Understanding the Typical Hearing Pathway
Updated: Jan 24, 2020
The process of hearing can be broken into the three sections of the ear: outer, middle, and inner.
Outer Ear: Sound enters the ear through the pinna (the part of the ear we can see) and funnels into the ear canal.
Middle Ear: The sound waves hit the tympanic membrane (eardrum) and set a series of little bones called ossicles into motion (malleus, incus, stapes). These operate in a piston like motion and focus the sound into the inner ear.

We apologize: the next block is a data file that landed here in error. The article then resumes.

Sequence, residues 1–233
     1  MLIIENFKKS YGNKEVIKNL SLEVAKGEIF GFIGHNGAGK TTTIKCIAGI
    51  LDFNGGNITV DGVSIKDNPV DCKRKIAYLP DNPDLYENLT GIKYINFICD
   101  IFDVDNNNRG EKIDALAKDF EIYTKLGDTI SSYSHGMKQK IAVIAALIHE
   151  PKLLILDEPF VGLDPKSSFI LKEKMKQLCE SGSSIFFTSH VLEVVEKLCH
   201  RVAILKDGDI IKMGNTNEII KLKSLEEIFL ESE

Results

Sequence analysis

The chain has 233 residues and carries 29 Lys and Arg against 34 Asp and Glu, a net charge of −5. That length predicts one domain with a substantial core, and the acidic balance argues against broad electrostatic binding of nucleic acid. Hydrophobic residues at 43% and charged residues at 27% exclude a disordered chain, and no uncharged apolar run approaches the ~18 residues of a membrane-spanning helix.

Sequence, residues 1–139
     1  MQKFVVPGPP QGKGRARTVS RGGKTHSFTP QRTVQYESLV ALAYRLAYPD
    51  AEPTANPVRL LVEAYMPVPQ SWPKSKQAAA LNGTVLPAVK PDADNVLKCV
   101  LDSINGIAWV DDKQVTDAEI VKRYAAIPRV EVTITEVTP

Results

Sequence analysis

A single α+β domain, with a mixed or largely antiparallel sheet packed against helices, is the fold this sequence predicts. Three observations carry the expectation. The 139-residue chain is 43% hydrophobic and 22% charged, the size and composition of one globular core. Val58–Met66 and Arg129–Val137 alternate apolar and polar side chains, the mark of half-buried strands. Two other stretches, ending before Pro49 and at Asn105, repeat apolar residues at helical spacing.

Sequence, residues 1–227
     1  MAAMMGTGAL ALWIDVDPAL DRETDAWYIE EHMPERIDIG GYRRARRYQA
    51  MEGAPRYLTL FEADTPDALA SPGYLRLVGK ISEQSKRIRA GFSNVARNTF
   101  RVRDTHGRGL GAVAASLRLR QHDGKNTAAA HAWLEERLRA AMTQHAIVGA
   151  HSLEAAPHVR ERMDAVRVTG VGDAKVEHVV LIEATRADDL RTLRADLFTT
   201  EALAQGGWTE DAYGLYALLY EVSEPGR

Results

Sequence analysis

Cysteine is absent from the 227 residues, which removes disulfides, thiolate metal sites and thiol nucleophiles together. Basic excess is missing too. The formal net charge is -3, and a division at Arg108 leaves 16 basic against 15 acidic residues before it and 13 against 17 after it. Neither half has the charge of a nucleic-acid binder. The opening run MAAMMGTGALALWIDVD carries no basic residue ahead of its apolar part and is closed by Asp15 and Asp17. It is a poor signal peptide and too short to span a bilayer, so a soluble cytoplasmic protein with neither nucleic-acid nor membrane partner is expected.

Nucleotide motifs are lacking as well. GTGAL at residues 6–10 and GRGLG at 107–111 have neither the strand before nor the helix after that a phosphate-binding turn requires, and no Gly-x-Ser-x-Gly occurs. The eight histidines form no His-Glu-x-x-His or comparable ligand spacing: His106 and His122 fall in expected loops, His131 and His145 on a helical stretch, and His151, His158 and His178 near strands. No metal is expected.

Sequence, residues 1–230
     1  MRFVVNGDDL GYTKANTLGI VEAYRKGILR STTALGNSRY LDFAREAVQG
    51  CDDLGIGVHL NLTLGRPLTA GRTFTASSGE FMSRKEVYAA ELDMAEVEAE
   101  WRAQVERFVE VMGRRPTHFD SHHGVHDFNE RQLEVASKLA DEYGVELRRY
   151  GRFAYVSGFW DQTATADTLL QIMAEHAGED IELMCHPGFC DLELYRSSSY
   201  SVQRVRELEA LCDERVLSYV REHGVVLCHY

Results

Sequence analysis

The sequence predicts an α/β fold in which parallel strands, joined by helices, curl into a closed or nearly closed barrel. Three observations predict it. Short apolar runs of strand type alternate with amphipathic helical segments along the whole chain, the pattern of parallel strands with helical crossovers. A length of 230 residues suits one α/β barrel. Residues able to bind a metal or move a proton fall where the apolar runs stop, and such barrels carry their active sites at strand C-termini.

Inner Ear: The sound waves cause the fluid inside the cochlea to move across the cilia (little hairs) lining the structure. The movement of these hairs create a chemical reaction that produces and electrical impulse. The auditory nerve brings this impulse to the brain to be interpreted.
It is important to understand that there can be disconnects or breakdowns at any step in this process leading to hearing loss or deafness.